Whether you’re the one being cared for or it’s your loved ones requiring assistance in managing ill health and daily care, there can often be a lot of associated stress and anxiety.
This is a very common and natural response and one that we often see here at Newcastle and Hunter Community Health (NHCH).
We know that with stress and anxiety comes unwanted side-effects, which is why we believe it’s important to take a moment to break down what stress looks like and help you find ways of coping and managing your stress better.
So, what is stress and who does it affect?
According to Better Health Victoria; “stress is a process, not a diagnosis. We experience stress when there is an imbalance between the demands being made on us and our resources to cope with those demands.”
So, in other words, stress is often a feeling we experience when we are put under pressure to achieve something and believe that we will fail or be unable to meet certain goals, expectations and/or demands.
That being said, stress is not always a bad thing. In fact, stress can be a feeling that allows people to become more motivated and achieve tasks, but if it is poorly managed it can have severe short-term and long-term effects.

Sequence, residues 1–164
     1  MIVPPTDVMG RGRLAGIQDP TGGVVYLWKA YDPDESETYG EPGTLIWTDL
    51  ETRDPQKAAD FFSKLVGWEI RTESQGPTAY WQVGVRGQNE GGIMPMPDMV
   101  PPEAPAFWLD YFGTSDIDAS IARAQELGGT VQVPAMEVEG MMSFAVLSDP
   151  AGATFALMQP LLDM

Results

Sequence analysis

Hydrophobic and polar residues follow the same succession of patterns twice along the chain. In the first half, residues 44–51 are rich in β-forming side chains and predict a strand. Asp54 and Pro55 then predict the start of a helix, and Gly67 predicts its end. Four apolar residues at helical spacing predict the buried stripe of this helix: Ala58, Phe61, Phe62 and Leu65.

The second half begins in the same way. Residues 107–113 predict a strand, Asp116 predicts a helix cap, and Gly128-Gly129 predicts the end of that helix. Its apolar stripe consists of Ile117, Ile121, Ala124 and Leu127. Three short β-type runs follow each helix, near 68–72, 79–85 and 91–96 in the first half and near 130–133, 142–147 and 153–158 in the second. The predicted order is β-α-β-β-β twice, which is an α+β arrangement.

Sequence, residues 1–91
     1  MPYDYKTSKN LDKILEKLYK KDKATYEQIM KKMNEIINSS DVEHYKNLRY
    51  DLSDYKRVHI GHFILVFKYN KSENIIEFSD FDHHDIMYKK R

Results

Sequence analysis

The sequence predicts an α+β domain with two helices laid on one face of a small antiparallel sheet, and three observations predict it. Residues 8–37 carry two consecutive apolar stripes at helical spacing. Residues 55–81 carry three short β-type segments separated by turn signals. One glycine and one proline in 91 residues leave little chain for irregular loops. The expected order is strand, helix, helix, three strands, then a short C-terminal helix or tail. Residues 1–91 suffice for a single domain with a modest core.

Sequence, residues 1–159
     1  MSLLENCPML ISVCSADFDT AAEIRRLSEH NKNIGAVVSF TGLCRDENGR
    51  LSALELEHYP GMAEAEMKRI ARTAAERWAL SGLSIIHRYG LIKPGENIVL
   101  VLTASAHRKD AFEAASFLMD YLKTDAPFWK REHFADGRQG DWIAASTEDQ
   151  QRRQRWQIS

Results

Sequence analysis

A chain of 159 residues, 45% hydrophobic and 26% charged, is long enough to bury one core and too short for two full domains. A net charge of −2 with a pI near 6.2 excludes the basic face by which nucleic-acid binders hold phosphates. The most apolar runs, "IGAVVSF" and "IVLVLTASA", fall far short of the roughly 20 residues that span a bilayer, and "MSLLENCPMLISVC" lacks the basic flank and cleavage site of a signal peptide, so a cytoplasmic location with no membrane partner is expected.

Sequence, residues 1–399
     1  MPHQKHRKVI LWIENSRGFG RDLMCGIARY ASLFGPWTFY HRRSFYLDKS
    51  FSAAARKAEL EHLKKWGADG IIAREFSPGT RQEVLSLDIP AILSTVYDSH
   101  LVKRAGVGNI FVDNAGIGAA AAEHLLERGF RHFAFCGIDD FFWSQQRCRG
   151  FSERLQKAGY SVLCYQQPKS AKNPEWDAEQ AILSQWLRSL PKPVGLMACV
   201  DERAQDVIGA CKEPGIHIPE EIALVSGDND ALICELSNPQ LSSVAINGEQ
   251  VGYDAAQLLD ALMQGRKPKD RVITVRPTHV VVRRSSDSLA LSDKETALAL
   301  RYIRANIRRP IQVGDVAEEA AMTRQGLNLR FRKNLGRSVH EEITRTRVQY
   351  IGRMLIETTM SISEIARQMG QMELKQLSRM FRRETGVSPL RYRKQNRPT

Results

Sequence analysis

There are many factors that contribute to stress, including our environment (work, school, home), lifestyle and emotional/personal problems. A lot of the stress that we typically see at the NHCH is centred around a mixture of these three factors for both the patients receiving care and those who are trying to cope with the illness of a loved one.
What are the signs?
The typical signs of stress that we often notice can be broken down into four categories:
- Changes in your body – you’ll start to feel your heart beating faster, your breathing getting quicker and blood pressure rising. The more stress we feel, the greater the bodily response. This also includes symptoms such as muscle tension, fatigue, sleeping difficulties, headaches and nausea, just to name a few.
- Changes in your feelings – your neurological responses to situations become heightened. Feelings of worry, confusion, anger, helplessness and feeling like you are struggling to cope are typically feelings and symptoms of stress.
- Changes in your behaviours – you’ll notice a shift in mood and behaviour, which can mean you find yourself withdrawing from others, experiencing feelings of restlessness, trying to avoid certain situations and having a greater reliance on drugs/alcohol. This can often be an unpleasant experience for you and also those around you.
- Changes in your thoughts – similar to your feelings, your thought patterns fundamentally change when you are stressed. Your thoughts often become more confused, a lack of self-confidence resides over you and negativity seeps into the way you think about things.
When you start to experience symptoms such as these it is essential you seek help and look at ways to minimise your stress and cope with it.
The ways you can cope with stress